Image courtesy of flickr user Earls37a

Real Time Politics: Real Time Public Affairs

Politicians are now used to an age of instant reaction but in public affairs the pick-up has been much slower. But it will gather pace.

Many of those organisations involved in political engagement have to date shied away from using social media to respond immediately to political comments or stories. The reasons seemed to vary from those worried about possible accusations of jumping on a bandwagon and trying to get sales from ‘news-jacking’ a story, through to simply lacking the senior level to move quickly enough to make a responsive comment. Or it may even be that they did not think that anyone would really notice.

Social media has mainly be viewed in the context of longer term campaigns to help influence stakeholders and demonstrate support for a cause. But things have started to shift and as discussed on the For Immediate Release podcast, there are some examples of real time public affairs. These recent US examples are all Donald Trump related!

Skittles – Donald Trump Jr tweeted a picture (since deleted) of a bowl of Skittles comparing them to Syrian refugees .  Skittles responded by tweeting that ‘Skittles are candy. Refugees are people. We don’t feel it’s an appropriate analogy.’

Tic Tacs – in the tape released of Trump talking about women in some of the most highly offensive terms possible, he referred to using some Tic Tacs in case he started kissing women.  Tic Tacs responded by tweeting ‘Tic Tac respects all women. We find the recent statements and behavior completely inappropriate and unacceptable.’

Ford – in the first presidential debate, Trump suggested that Ford was moving jobs to Mexico. But Ford, as well as the trade union the United Auto Workers, were fact checking him and putting the record straight, including the use of infographics.

All three cases have their differences. Ford had been mentioned previously so could plan for further mentions and put a strategy in place.  Skittles had little choice but to react and did so with a clear message in very strong tones.

Tic Tac on the other hand appeared to wait a little before responding. This could have been down to a hope that the comment would be lost in the rest of the media coverage about Trump’s offensive comments. But there was a little real chance of that especially given the way in the other two had already reacted.  So ‘get mentioned, react quickly’ seems to be the new reality.

In the UK, the most recent example where a company felt the need to react was Collins and Hayes, as I wrote about recently. They chose a more traditional media route but still moved quickly to protect their name.

Southern Rail did try a more social media type response to the industrial action they are involved in but it was too late in the day. The tide of public and, critically, passenger opinion was already against them. So to try a direct appeal encouraging passengers to tweet their anger at the RMT rail union was bound to fail.  The RMT currently has all the sympathy. So this is a failure of messaging and approach by Southern that goes back some time.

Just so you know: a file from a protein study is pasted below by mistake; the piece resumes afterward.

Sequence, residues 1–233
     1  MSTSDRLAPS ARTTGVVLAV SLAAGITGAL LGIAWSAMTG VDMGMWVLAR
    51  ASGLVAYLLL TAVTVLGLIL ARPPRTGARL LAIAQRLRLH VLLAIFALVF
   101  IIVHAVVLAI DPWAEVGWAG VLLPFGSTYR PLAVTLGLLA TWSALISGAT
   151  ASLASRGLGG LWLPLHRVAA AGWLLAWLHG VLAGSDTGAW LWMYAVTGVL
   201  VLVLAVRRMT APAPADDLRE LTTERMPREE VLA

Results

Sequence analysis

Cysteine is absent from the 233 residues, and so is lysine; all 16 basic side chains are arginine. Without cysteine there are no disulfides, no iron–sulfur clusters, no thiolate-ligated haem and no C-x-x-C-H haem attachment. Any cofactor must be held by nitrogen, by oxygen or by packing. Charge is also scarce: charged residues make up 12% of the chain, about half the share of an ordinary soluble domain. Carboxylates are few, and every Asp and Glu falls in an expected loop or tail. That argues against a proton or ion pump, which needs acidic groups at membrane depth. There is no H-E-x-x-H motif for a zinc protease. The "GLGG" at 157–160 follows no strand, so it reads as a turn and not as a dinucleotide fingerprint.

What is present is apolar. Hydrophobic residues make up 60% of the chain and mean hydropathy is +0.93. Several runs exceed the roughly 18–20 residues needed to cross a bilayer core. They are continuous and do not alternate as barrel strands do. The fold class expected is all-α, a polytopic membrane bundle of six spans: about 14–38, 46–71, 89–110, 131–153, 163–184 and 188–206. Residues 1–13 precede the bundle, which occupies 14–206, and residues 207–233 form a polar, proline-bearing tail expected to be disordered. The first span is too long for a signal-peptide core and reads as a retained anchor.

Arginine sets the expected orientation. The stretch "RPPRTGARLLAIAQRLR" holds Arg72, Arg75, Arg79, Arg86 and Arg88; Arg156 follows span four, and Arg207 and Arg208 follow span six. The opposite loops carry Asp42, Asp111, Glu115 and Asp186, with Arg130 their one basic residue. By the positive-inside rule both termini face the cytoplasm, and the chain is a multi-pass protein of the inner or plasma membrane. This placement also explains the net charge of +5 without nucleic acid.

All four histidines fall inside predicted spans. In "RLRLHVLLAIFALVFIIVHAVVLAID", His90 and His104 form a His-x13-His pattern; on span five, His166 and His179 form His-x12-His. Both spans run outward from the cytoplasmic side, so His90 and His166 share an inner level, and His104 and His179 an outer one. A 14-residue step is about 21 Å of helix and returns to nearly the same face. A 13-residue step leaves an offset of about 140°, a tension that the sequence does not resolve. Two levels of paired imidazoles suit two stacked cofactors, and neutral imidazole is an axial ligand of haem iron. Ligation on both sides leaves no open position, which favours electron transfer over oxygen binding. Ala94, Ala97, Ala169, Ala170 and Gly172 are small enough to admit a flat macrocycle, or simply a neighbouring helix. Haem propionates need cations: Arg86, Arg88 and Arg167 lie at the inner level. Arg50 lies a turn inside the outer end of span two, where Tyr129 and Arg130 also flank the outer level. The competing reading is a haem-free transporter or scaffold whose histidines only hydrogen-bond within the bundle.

So there is something here about making sure you are starting from a strong base. There is also the need to balance the danger of annoying the politicians and the potential ramifications, against the reputational damage of saying and doing nothing.

As politicians need to shout louder to be heard and have less reliance on ‘the experts’ then more organisations will be called out more for their alleged behaviour.

The profile of the issue will undoubtedly help to decide on the appropriate scale and timing of a response. The precedent has, however, been set. When Tic Tac did not respond as quickly as some believed they should there was a danger that that would become the story with all the negative associated connotation that that would be brought.

So social media is no longer the preserve of the public affairs campaign but also needs to be at the heart of the real time response to politicians. This could also have the added benefit of making the political audiences think twice before making any sweeping statements.

We all have reputations to consider.

Image courtesy of flickr user Earls37a

Stuart Thomson

Stuart is a public affairs and communications specialist at Bircham Dyson Bell LLP advising clients on all elements of their public affairs strategies including political and corporate communications and reputation management. His work also includes consultation and planning communications and he has worked on a number of high profile media relations and crisis communications programmes. Stuart is an honorary research fellow at the University of Aberdeen and is the author of several books including 'New Activism and the Corporate Response', 'Public Affairs in Practice' (for the CIPR) and 'The Dictionary of Labour Quotations' (published by Britain's leading political publisher, Biteback). 'New Activism and the Corporate Response' was called a book that "every aspiring business leader should read" by MIS Asia. Stuart regularly writes and lectures on a range of business and political issues. Stuart recently released a book published by Urbane Publications, 'Public Affairs: News, Views and Hullabaloos' based on his blog. He is also a CIPR trainer and was shortlisted for the 2014 Director of the Year award by the IoD and CIPR.

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